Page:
Field of Dreams: if you build it, they will come!


Seeking: to grow in Christ
March 30, 2012, 5:37 pm
Filed under: Sermons

I have been a little behindhand in putting up recent preaching: scroll down for more.

A sermon preached at All Saints, Clifton, Sunday 25th March 2012

“Seek and ye shall find.” This Lent we have been following this theme in our Sunday sermons, seeking in the wilderness, to bear one’s cross, through worship and as family. Our final topic is “Seeking to grow in Christ.” Not inappropriately, because you may recall that in my Ash Wednesday sermon I noted that the word “Lent” comes from “lengthen”, and refers to the season when the days are getting longer- to Springtime. Spring is not just the season of spring-cleaning, as I focussed on then, it is the time of growth in nature. The trees are coming into leaf, the flowers are beginning to blossom. As the old English carol puts it, “Pleasure it is, to hear, iwis, the birdes sing: the deer in the dale, the sheep in the vale, the corn springing.” Or, in the words of a lightly later poet, “Spring, the sweet spring, is the year’s pleasant king; then blooms each thing… cold doth not sting, the pretty birds do sing.”

Growth is all around us: what about our spiritual growth? Are we fully mature as human beings, but as Christians still woefully underdeveloped?  St Paul writes, to the Ephesians, of us growing up in Christ, to full maturity. St Peter writes of us growing in the grace and knowledge of our Lord, growing up to salvation. This continues the analogy of new birth, of which our Lord spoke to Nicodemus. When we begin our life of faith, at whatever point in our natural life, it is a “new birth”. St Peter writes of feeding his new converts with milk, like new-born infants: but it is at this very point that he reminds them that they must not remain babies, they have to grow up!

There are several dimensions to our spiritual growth. One is intellectual: are we growing in the understanding of our faith? I am not talking about abstruse points of theology or Biblical scholarship, but simply a sound general grasp of the Creed, with the ability to give an account of what we believe if challenged. Have we a decent familiarity with the Scriptures? In times past, quite ordinary Christians would expect to recognise Biblical allusions, and be able to quote Scripture or the Prayer Book when appropriate. I bet a lot of us would have some difficulty with this today!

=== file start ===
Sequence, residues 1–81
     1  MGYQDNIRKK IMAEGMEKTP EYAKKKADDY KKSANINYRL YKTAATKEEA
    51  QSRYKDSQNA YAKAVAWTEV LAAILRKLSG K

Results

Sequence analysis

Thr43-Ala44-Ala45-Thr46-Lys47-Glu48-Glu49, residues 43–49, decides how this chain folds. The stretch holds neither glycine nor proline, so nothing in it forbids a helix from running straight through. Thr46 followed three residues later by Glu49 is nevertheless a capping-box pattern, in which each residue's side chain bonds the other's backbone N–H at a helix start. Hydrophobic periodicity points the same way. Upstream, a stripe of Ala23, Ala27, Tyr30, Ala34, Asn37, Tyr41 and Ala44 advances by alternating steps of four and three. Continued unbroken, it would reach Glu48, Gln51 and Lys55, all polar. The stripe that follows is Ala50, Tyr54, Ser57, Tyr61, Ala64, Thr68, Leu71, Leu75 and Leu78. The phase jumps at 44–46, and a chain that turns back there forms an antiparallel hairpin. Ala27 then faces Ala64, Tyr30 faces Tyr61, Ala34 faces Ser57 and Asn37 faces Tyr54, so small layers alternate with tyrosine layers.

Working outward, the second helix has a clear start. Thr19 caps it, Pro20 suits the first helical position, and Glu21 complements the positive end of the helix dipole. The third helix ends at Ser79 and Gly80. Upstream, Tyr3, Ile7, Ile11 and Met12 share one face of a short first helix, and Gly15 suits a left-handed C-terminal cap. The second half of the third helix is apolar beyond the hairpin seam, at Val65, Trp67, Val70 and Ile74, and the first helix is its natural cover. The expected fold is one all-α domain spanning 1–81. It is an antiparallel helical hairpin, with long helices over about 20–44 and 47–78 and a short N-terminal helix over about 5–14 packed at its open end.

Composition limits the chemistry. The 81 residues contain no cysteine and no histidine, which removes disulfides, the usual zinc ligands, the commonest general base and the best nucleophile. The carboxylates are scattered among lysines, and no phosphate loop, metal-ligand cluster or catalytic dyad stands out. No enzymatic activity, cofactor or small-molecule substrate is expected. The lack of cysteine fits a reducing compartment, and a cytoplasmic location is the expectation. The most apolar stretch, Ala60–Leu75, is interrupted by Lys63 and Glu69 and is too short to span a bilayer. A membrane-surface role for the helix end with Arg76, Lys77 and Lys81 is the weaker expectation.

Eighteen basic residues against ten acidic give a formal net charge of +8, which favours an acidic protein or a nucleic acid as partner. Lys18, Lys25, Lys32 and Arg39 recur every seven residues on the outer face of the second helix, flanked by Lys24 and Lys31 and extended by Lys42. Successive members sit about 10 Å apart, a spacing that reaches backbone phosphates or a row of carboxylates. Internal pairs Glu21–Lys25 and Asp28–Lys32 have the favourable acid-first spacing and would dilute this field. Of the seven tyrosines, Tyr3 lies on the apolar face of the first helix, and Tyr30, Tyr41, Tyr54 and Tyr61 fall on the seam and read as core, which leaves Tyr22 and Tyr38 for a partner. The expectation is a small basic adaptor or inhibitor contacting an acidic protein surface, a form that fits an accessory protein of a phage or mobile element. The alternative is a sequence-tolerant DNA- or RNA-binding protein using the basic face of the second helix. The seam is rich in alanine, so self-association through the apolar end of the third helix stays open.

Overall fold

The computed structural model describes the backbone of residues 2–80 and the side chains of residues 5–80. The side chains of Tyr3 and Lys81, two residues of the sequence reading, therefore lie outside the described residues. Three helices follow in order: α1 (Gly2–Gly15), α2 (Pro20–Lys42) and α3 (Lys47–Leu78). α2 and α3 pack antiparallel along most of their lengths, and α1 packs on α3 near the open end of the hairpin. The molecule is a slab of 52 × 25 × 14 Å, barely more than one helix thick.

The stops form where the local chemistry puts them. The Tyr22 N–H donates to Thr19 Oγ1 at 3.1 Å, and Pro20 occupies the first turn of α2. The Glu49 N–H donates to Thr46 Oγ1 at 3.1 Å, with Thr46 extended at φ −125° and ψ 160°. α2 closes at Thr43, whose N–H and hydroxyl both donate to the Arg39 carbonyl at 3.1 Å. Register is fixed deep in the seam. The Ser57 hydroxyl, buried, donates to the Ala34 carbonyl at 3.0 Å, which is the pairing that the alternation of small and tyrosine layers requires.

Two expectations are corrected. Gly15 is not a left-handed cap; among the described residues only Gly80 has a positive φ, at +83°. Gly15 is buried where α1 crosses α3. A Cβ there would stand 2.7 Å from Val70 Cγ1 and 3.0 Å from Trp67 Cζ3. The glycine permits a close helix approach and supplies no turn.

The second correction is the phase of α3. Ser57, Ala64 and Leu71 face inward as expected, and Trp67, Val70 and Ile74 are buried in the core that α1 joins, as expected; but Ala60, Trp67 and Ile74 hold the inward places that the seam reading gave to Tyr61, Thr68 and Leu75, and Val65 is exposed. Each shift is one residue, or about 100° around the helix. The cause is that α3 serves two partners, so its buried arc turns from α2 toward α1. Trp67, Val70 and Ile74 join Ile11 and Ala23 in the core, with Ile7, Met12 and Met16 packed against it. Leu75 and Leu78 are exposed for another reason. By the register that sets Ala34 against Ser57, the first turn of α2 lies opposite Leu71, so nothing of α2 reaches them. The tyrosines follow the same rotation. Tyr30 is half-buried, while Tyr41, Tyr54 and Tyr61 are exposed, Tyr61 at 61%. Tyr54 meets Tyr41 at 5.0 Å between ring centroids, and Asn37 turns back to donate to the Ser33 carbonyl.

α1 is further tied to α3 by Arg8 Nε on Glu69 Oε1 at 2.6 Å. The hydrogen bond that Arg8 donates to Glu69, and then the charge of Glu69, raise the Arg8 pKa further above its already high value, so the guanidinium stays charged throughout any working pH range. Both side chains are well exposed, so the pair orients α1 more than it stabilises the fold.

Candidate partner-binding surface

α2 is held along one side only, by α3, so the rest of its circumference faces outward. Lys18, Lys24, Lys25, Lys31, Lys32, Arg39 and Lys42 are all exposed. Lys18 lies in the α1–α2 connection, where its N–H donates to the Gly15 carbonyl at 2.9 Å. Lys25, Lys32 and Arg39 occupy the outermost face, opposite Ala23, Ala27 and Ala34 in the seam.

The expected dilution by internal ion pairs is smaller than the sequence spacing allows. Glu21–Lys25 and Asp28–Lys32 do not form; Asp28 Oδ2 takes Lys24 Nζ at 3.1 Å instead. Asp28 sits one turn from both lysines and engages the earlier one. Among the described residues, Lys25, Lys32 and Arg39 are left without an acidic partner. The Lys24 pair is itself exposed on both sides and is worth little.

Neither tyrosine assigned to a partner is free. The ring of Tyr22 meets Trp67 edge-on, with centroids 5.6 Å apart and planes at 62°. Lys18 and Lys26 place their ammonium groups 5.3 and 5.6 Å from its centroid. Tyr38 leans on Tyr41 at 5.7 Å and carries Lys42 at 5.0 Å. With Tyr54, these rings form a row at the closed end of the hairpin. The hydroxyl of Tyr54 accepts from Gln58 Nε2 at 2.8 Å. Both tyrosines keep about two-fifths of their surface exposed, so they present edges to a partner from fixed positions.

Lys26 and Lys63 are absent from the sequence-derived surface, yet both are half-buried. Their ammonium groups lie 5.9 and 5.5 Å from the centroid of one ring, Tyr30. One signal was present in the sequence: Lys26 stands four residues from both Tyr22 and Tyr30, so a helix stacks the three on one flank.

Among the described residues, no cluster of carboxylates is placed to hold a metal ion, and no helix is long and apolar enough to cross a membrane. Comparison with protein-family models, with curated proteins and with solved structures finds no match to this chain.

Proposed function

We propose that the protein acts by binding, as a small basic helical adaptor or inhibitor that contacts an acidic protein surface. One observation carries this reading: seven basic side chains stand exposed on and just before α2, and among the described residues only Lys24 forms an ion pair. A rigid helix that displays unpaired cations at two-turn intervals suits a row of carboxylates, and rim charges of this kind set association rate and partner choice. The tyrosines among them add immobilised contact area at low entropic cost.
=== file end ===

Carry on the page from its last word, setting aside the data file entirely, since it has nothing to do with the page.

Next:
Then there is moral growth. This is an area where Biblical Hebrew ways of thinking can be supplemented by the insights of Greek philosophy. At a superficial reading of the Old Testament, morality can seem principally a matter of “keeping laws”: not murdering, stealing, telling lies and so on. Of course we should keep these laws! But the idea of being law-abiding does not give much scope for growth. The Greeks thought of morality in terms of virtue, of positive moral qualities. The very word “virtue” means “strength”.  Obviously, we can all grow stronger in virtue. The question is, do we? Are we kinder than we used to be? Are we fairer, more thoughtful, more patient, more generous than we used to be?

The third dimension is in our life of prayer, “spiritual growth” in the strictest sense. Is worship just a routine, is it just a duty that we fulfil “dutifully”, or is it more? Is it a real relationship with Jesus Christ, acknowledged in our hearts as our Friend and Helper, as well as our Teacher and our Lord? Classic books on spirituality sometimes divide up the inner life in terms of “the way of purification” (what I have called moral growth), “the way of enlightenment” (what I have called intellectual growth), and “the unitive way” (growth in love for God). Other writers simply talk of the journey in terms of “beginners”, “those making progress on the way”, and the “perfect”, those who have arrived at the destination.

We should be more than beginners now; but we certainly have not arrived at our destination. The question is, are we still making progress, still growing? Or have we decided that enough is enough, and sat down to rest and maybe even sleep? If so, it is time to wake up, walk on, start to grow again. It is springtime: time to put forth our own spiritual shoots, fresh leaves, and flowers.

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